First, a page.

If you are a lactating mother, thyroid disease can cause some complications. Among other things, you may worry about your current thyroid medication passing to your unsuspecting newborn via your breastmilk or about your lack of milk supply. Read on to learn about what it means to be a breastfeeding mother while managing a thyroid condition.
How Does Thyroid Dysfunction Affect a Lactating Mother?
Thyroid disease is a medical term for thyroid conditions involving the function of the thyroid gland. The thyroid gland is primarily a hormone factory — it produces hormones the body needs. Overproduction of hormones hyperthyroidism could accelerate the body’s natural processes. Underproduction of hormones hypothyroidism could lead to many things, including a slow metabolism, joint pain, and even heart problems.
While there are natural ways to treat a thyroid condition, some patients are prescribed synthetic medication to manage the disease. On the other hand, fear exists that synthetic medication ingredients might harm pregnant women and lactating mothers. However, one mom suggests consulting with both a thyroid specialist and a doctor in determining a medication that is safe enough for use during pregnancy and breastfeeding.
During pregnancy, your body goes through major hormonal changes. Naturally, this will affect thyroid production, even if you have stabilized it using medication. The effect depends on the patient, but accelerated or additional thyroid problems could arise during pregnancy due to the hormonal shifts.
New mothers who have been taking synthetic thyroid medication usually have no problem with producing enough milk for their babies. However, if you’re not sure about your thyroid condition, it’s best to have your thyroid checked to get a proper diagnosis. Some of the food items in a natural thyroid diet are similar to a breastfeeding mother diet — they include nutrients that will help manage the disease and boost your milk supply.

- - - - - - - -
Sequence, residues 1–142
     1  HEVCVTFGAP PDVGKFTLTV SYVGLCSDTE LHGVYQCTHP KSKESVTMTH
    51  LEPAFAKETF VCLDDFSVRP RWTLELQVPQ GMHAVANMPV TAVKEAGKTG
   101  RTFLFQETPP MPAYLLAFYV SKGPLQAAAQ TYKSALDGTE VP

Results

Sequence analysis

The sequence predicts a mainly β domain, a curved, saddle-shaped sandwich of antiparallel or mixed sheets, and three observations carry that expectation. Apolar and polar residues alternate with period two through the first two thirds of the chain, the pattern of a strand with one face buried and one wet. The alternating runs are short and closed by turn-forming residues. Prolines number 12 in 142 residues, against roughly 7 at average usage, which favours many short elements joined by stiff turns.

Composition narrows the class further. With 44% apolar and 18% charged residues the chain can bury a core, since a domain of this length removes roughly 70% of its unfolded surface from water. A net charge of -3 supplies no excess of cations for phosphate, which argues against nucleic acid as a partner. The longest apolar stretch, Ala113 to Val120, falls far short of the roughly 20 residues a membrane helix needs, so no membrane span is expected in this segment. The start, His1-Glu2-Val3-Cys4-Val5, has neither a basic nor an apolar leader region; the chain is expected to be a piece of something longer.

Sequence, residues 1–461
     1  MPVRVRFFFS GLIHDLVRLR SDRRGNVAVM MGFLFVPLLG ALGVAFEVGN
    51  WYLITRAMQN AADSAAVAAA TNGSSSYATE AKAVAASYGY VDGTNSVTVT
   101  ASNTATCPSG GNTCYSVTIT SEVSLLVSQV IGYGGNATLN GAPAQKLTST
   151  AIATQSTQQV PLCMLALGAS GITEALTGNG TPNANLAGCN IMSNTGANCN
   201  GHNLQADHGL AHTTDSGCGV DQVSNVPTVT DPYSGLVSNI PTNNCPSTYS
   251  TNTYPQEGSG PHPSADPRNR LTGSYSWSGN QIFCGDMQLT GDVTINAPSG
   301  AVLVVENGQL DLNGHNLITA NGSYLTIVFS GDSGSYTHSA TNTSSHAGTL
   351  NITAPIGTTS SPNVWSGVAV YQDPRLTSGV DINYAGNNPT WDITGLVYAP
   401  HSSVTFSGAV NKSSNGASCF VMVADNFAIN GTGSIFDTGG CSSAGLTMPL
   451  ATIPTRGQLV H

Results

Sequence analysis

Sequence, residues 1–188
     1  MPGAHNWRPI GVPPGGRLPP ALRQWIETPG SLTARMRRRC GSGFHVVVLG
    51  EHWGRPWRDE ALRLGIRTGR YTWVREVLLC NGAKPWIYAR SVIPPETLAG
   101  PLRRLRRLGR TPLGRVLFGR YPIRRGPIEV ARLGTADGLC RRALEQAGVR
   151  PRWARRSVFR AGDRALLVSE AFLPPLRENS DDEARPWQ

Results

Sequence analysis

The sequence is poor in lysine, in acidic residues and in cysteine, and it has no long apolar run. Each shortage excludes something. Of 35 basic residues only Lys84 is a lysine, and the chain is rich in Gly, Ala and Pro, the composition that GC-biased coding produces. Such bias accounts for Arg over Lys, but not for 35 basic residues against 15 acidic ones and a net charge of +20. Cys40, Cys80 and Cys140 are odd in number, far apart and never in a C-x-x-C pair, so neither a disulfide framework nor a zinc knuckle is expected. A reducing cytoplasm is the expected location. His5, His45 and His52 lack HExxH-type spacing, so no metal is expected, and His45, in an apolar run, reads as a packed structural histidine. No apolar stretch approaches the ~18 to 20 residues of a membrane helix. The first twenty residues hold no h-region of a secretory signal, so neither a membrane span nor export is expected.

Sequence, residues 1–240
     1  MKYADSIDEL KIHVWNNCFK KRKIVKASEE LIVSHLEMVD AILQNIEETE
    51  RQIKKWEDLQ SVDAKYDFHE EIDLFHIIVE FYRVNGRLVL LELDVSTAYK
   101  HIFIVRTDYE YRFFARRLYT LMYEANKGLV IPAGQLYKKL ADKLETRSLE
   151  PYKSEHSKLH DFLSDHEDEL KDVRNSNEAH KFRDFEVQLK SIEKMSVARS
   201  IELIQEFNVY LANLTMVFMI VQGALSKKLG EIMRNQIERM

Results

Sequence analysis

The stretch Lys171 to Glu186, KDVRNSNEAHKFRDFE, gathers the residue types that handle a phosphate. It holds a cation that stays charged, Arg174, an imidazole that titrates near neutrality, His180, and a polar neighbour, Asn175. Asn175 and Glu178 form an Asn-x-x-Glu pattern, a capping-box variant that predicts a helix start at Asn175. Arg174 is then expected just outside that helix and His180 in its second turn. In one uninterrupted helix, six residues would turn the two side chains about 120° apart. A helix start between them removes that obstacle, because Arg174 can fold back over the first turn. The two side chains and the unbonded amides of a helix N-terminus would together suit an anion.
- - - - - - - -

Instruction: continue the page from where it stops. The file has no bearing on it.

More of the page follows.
Let-down reflex is a breastfeeding term associated with a tingling or warming sensation after the baby suckles on the breast for milk. The action requires hormones to trigger messages in the brain to produce milk. The prolactin hormone urges the milk-making tissues to produce milk, while oxytocin causes the milk to be “ejected” from the breasts.
This presents some problems for new mothers with low milk supply. Some women produce the milk their babies need if they have high or lower than average hormones in their system. In this case, doctors usually approve the use of some synthetic medication to manage both thyroid and breastfeeding issues.
Check out this video with Dr. Lazarus by EmpowHer about the effects of thyroid medication in lactating mothers:
It’s reassuring to know that some thyroid medication can help new mothers who are breastfeeding. On the other hand, as a lactating mother, you must work with doctors to ensure that thyroid medication does not compromise milk production and your baby’s safety. Don’t hesitate to raise any concerns with your thyroid doctor to guide you during this most important time in your life.
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